For more than a decade we have had controversy and debate with respect to whether there is indeed an armed conflict between the United States and al Qaeda, whether any such conflict applies without geographic limitation, and whether any such conflict applies to related organizations under the rubric of "associated forces." Those questions have receded a bit over the past year, as the rise of ISIL has eclipsed al Qaeda on many levels. But they remain central questions for all circumstances in which a state determines that it must resort to military force to deal with the threat posed by a non-state actor. Events in Libya yesterday underscore that this is true for America's conflict with ISIL.
At some point yesterday, a pair of U.S. F-15s conducted an airstrike in Libya, targeting and likely killing the head of ISIL's operations there (the attack was not a response to the Paris attacks, by the way, but rather appears to have been in the works for quite some time). This was the first U.S. use of force against ISIL in Libya, a Pentagon spokesman explained:
While not the first U.S. strike against terrorists in Libya, this is the first U.S. strike against an ISIL leader in Libya and it demonstrates we will go after ISIL leaders wherever they operate.
Given that the United States has long claimed that its armed conflict with al Qaeda is borderless (in the sense that the law of armed conflict governs those uses of force wherever they occur), and that its conflict with ISIL is an extension of that conflict with al Qaeda, this should not comes as a surprise. Nonetheless, it seems likely that some observers have not appreciated till now that the United States would take the same position vis-a-vis ISIL. That is now clear, and it should be equally clear that the same "associated forces" debates that are familiar from the al Qaeda context will be carried over lock-stock-and-barrel to the ISIL context. As to how that consideration explains yesterday's strike in Libya, Pentagon sources had this to say:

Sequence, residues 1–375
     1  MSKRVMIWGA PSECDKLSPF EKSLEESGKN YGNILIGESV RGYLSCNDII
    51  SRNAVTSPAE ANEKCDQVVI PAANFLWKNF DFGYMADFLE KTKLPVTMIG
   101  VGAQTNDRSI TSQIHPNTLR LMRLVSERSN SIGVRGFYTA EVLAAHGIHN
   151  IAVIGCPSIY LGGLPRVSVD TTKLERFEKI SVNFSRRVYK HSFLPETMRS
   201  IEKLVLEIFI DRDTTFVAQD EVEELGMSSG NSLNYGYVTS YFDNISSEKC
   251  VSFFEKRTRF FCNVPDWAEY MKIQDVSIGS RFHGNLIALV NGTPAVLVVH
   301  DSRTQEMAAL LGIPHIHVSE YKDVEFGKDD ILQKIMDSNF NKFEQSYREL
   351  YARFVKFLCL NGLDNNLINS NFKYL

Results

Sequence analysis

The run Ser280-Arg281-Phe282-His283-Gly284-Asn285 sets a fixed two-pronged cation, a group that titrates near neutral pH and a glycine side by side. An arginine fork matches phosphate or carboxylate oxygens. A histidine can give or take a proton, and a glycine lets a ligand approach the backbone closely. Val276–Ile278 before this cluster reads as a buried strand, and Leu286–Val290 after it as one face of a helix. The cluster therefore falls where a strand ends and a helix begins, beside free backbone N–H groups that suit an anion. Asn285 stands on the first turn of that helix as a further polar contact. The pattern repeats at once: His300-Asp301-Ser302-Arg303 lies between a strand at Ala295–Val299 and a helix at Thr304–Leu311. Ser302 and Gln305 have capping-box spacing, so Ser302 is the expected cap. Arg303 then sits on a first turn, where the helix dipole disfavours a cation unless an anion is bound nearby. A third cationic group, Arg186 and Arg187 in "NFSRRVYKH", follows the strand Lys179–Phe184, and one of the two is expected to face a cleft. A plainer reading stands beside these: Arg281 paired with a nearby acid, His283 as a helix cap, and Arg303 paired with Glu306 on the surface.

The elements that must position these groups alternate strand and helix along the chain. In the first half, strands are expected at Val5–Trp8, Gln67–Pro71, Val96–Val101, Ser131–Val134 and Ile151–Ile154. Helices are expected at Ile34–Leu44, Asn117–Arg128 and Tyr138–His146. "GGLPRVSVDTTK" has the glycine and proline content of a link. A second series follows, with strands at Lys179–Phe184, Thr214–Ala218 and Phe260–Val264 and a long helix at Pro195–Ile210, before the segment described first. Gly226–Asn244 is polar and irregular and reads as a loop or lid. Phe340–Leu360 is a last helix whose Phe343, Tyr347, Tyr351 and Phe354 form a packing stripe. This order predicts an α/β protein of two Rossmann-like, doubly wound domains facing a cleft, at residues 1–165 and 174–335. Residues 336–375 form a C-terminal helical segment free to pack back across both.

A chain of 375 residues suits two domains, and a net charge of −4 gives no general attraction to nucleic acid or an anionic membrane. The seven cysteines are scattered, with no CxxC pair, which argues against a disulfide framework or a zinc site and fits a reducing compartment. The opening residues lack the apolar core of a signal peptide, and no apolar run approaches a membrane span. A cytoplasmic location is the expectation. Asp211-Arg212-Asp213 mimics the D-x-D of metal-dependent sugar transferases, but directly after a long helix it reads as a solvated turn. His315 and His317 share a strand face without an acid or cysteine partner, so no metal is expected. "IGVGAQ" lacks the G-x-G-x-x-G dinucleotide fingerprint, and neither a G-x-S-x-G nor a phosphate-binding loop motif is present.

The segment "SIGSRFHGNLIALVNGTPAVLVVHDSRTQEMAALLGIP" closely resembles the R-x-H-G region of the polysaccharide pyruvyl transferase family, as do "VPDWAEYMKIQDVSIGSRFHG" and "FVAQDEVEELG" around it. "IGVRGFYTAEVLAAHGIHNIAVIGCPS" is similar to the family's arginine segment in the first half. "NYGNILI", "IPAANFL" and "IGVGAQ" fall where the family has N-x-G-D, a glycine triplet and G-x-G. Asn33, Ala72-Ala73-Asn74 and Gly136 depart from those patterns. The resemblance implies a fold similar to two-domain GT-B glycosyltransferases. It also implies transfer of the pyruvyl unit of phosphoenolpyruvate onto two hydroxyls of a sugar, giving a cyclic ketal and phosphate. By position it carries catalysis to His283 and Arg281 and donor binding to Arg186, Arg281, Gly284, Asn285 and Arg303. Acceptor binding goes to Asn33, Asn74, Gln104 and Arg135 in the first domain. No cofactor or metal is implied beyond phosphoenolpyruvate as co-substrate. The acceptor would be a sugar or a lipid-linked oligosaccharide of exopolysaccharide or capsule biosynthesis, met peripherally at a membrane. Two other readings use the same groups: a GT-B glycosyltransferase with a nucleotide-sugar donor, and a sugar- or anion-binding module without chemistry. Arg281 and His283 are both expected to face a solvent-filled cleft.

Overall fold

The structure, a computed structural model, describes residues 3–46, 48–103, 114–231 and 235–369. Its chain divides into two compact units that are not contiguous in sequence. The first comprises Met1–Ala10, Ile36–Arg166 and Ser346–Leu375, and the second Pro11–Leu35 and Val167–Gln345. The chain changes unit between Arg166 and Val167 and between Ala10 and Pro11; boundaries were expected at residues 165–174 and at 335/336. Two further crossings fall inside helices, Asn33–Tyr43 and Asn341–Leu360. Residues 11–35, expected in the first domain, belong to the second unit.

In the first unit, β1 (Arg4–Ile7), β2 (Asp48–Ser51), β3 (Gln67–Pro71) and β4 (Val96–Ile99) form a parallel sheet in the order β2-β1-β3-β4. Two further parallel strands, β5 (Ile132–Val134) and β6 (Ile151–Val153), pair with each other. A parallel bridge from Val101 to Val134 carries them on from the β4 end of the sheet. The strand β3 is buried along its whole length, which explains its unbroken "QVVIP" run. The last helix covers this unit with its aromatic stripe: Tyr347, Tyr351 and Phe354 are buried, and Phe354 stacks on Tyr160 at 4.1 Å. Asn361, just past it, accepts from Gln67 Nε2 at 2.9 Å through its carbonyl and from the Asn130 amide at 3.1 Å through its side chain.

While militants in places like Afghanistan and Nigeria have affiliated themselves with or declared allegiance to the group, U.S. officials believe those groups are not under the direct command and control of its core operation in Iraq and Syria. In Libya, the presence of Zubaidi, who headed Islamic State operations in central Iraq prior to going to Libya, signals a different level of connection, officials said.... Intelligence officials say the Islamic State, also known as ISIL, is a hybrid operation in Libya, led partly by foreign fighters and partly by Libyans with extremist sympathies or who feel disenfranchised in the years following the 2011 revolution that ousted Moammar Gaddafi.
I think we will see much more of this sort of thing, including but not limited to Libya. And given the shock of the Paris attacks, there probably will be little criticism. But with the passage of time, the use of force against ISIL in locations outside of Syria and Iraq eventually will engender the same sorts of legal friction that strikes on al Qaeda targets in Yemen, Somalia, and Pakistan have generated. The U.S. government would be wise to get in front of that criticism as much as possible by clearly and persistently defending its legal framework.